Quote of the Day: In Response to Van Jones’ Remarks About “so-called libertarians”

Over at Reason, Mike Riggs responded to President Obama’s former Green Jobs czar Van Jones’ tirade about “so-called libertarians” at an Occupy rally in L.A. In case you missed it, Van Jones said that libertarians “say they love America but they hate the people, the brown folk, the gays, the lesbians, the people with piercings.” Clearly, he has never been to a Libertarian Party convention; I have. These people are more welcome in the LP than either of the big two political parties, I assure you.

Riggs responds:

I’m going to have to mic check you there, Mr. Jones. You’re not talking about so-called libertarians, but your former boss and current president. See, it’s Barack Obama who supports “traditional marriage”; Barack Obama who supports a drug war that sends an alarming number of black men to prison and destroys their employment prospects; Barack Obama who supports a foreign policy that kills children; Barack Obama who supports regulatory barriers that require the poorest of the poor to borrow their way into the workforce; Barack Obama who supports an immigration strategy that rips apart families and sees the children of undocumented workers put up for adoption.

Whether Obama’s support for those policies means he hates gays or brown folk is not for me to say. As the scriptures tell us, “For who has known the mind of the Lord that he may instruct him?”

Libertarians, on the other hand, love brown folk, the gays, the lesbians, the people with piercings, and immigrants. Many of us, after all, fit rather neatly into those categories, and we show our affection for ourselves and our neighbors by supporting the right of all peoples to live free of state-sponsored violence, discrimination, undue imprisonment, and theft; as well as the entirely predictable consequences of both left-wing and right-wing social engineering.

In fairness to Van Jones, there are a fair number of social conservatives,* NeoCons, and yes, certain unwelcome elements who do advocate these things who try to call themselves libertarians, but damn man. Would it be too much trouble for Jones to go on the series of tubes that is the interweb and do a search on the Libertarian Party Platform before shooting off his mouth about “so-called libertarians”? If so, he would find that true libertarians are the polar opposite of what he described.

*To Rick Santorum’s credit, he has repeatedly said that he is not a libertarian. While I oppose much of what he stands for, at least he’s honest about this.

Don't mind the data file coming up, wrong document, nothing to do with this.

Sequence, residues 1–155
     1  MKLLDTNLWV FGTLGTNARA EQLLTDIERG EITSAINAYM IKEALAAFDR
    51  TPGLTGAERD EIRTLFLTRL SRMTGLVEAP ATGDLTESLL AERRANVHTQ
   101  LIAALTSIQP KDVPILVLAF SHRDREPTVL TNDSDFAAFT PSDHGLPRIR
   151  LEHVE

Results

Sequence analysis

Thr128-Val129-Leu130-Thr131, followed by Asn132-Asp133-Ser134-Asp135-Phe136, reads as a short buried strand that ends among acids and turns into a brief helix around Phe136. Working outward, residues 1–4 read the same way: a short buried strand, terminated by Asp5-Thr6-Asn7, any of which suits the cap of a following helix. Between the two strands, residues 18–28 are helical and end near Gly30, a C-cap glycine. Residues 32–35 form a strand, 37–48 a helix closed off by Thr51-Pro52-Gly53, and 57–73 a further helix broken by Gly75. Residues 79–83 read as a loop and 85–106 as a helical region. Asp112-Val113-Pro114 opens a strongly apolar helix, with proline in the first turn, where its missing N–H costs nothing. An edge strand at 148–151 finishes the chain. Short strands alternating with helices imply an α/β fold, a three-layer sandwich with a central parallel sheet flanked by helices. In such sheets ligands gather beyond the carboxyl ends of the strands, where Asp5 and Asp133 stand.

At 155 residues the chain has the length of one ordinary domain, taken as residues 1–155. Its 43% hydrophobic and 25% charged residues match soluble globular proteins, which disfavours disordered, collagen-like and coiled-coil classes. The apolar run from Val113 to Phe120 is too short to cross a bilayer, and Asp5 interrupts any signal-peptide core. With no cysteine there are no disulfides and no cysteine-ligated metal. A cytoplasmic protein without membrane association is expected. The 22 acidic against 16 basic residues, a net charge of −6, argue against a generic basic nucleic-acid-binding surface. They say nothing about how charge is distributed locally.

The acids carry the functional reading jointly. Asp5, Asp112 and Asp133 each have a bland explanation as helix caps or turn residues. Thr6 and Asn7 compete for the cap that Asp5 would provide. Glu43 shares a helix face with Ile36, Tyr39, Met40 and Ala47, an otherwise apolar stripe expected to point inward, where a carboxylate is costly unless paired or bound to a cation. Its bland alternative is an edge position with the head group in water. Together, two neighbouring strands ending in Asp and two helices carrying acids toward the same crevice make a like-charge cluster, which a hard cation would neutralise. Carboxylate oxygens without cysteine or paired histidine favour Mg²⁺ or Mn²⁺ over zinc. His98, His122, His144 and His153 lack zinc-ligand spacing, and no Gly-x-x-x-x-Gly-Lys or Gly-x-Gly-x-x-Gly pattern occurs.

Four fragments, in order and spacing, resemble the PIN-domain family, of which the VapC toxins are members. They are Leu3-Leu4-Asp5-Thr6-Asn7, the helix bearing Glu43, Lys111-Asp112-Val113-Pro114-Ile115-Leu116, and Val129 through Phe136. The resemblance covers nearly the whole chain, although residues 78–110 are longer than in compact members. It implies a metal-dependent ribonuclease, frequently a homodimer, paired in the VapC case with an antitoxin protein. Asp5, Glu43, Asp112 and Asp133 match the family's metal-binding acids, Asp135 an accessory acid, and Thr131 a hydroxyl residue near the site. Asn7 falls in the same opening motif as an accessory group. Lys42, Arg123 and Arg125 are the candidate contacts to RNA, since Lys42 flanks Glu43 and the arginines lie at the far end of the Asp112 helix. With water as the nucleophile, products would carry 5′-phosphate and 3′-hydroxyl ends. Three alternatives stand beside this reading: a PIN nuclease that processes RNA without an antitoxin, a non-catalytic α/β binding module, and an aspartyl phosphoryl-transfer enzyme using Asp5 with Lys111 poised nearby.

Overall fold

• http://anarchangel.blogspot.com Chris

    Not that the Libertarian party in any way defines what it means to be a libertarian; or that it is even representative of a majority of libertarians.

    Kinda the whole point of libertarianism, is that there ISN”T any organization that COULD be representative or a majority of us.

    Regardless of what organization one might belong to, the rules” of being a libertarian are pretty simple and basic.

    It’s like being a christian. The basic rules are pretty clear. If you believe that christ died for the sins of man, that man was redeemed through this death, and that the path to heaven is through acceptance of this, you are a christian. Any other weird, wild, or whacko stuff you pile on top of that doesn’t make you not christian… it just makes you weird christian.

    Well, being a libertarian is the same.

    There is one simple core belief; that maximizing liberty and minimizing the coercive restraint of it, except where necessary to prevent trespass on the liberty of others, is generally the best way to go about anything political.

    If you believe that, you are a libertarian.

    Everything else is all about variants.

  • http://www.thelibertypapers.org/ Stephen Littau

    True. I suppose you could argue the LP platform is what a majority of LP members who participated in drafting the platform at the last convention believe what it means to be a libertarian. The end product that became the 2008 platform was quite controversial as the ‘radical’ libertarians thought it was too moderate (What do I mean by radical? The previous platform stated that individuals had the right to possess WMD including nuclear weapons as everyone has the right to bear arms). The radicals wanted to write a minority report but was ultimately rejected by the majority of the delegates.

    There are certainly areas of disagreement among those who call themselves libertarian, but I think all authentic libertarians would agree with your statement (i.e. what is sometimes referred to as the harm principle). Perhaps a better reference point for Van Jones would be Cato’s new website libertarianism.org where a variety of ideas of the basics of liberty are debated.

    All I know is the people Van Jones describe certainly don’t describe libertarianism as I understand it.

  • tkc

    I think a lot of the myth of libertarians not liking blacks comes from the support of states rights. There is a contingent out there on the left that likes to perpetuate the myth that states rights is only about slavery. Libertarians know it is not but there are plenty of times where I’ve brought up states rights in arguments that had nothing to do with slavery or Jim Crow and I’ve been labeled as a racist simply for uttering the term.